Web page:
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Jon Stewart and HBO Made The Right Call to Kill Their Animated Cable News Parody, and Here’s Why

Production issues may be to blame, but the idea behind the project seemed dated under a Trump administration.

Jon Stewart

Jon Stewart

Stephen Lovekin/REX/Shutterstock

For Jon Stewart, the idea seemed like a natural fit: An animated daily show parodying cable news that could comment on current events in real time.

But after a lengthy development, Stewart and HBO officially pulled the plug this Tuesday. And it was probably for the best.

As part of its 4-year deal with Stewart, HBO built him an animation studio in New Jersey. He started working with 3D graphics company OTOY on the creation of short-form video projects.

READ MORE: Jon Stewart’s HBO Animated News Project Has Been Dropped

The idea: Stewart would come up with a way to produce animated shorts online throughout the day that would post almost immediately after news arises. A web destination (think “The Onion”) would be created, and the shorts would be collected into a half-hour version that would also air on the linear HBO channel.

“It allows him to comment in real time what’s happening during the day’s news events,” HBO programming president Casey Bloys told reporters at the summer 2016 Television Critics Association press tour. “He wants to get material out multiple times each day,” Bloys added. “It’s very much Jon’s voice, both his actual voice and tone.”

At the time, Bloys said he hoped Stewart would have the animated studio up and running in time for the final months of the presidential campaign. That didn’t happen.

In November, Bloys told IndieWire that he expected the new project to launch in “February or March.” But that didn’t happen either.

“He’s building an entire animation studio,” Bloys said at the time. “It’s a giant undertaking. Once it’s up and running it’s going to be a great platform for him.”

Ultimately, HBO spent millions of dollars on the project. Stewart spent months at the studio, located in the downtown of a small New Jersey town.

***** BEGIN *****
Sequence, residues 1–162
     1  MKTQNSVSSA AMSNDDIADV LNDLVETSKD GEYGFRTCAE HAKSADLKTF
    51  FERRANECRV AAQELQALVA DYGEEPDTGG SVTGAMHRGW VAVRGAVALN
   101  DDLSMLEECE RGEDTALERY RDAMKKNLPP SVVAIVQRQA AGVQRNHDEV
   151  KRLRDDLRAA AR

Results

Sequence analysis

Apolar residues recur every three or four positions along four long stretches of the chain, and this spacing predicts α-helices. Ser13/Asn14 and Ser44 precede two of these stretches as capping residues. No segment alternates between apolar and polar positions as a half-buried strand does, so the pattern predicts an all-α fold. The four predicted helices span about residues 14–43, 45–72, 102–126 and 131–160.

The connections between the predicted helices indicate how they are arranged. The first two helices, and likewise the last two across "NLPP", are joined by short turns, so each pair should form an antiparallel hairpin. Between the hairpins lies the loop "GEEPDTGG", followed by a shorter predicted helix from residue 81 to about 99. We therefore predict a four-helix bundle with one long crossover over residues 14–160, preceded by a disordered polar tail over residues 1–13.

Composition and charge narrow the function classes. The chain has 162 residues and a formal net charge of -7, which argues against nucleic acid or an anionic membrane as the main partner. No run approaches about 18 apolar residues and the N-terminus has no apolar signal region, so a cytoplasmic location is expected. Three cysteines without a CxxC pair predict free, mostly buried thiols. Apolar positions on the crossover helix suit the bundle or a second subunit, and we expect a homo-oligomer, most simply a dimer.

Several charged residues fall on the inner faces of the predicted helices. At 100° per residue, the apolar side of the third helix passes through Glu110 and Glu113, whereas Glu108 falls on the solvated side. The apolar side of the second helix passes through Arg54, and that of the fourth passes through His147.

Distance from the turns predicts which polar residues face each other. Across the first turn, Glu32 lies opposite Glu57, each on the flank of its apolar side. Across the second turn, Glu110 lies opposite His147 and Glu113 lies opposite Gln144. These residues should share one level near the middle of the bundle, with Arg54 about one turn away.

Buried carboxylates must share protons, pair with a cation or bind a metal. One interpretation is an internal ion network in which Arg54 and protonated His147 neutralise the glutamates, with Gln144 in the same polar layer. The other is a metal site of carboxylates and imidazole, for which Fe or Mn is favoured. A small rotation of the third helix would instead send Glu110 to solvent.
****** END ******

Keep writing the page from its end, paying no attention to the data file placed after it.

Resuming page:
It’s unclear how far Stewart got with the idea. Perhaps it wound up being not feasible from a technical standpoint. But there’s also the real possibility that a Donald Trump presidency made the idea of making fun of cable news so pre-2017.

READ MORE: Donald Trump Shakes Up the Emmy Talk Show Race, As Stephen Colbert, Samantha Bee, and Trevor Noah Get In The Game

As host of “The Daily Show,” one of Stewart’s favorite targets was cable TV news – Fox News Channel in particular, but CNN (and, somewhat, MSNBC) as well. Most of that critique was justified – right up through the recent presidential election, when those networks were duped by Trump, who rode their non-stop free coverage all the way to the White House.

But once there, Trump has made it his mission to delegitimize the media, and in particular, news outlets like CNN and MSNBC that dare to cover the truth behind his many, many missteps. Trump calls them “fake news,” and threatens the very nature of a free press.

More recently, CNN and MSNBC have seen their ratings rise dramatically as they cover the early scandals of the Trump administration. Fox News, with its head in the sand, has slipped to third place.

Cable news isn’t perfect, but it’s what we’ve got. And it’s under attack as “fake.” Now isn’t the time to pile on with an actual “fake” outlet – which might accidentally help further delegitimize them. The networks did enough of that to themselves – and need to take a long, hard look in the mirror to understand the predicament they’re in. A show discussing real issues with a fake news team might prolong the problem.

Whatever the reason behind HBO and Stewart scrapping their animated cable news project, it was the right thing to do in this current environment. Now, perhaps this will free him up for what people really want to see: Stewart, in the flesh, on their TV, offering a little sanity to the insanity of the real world.

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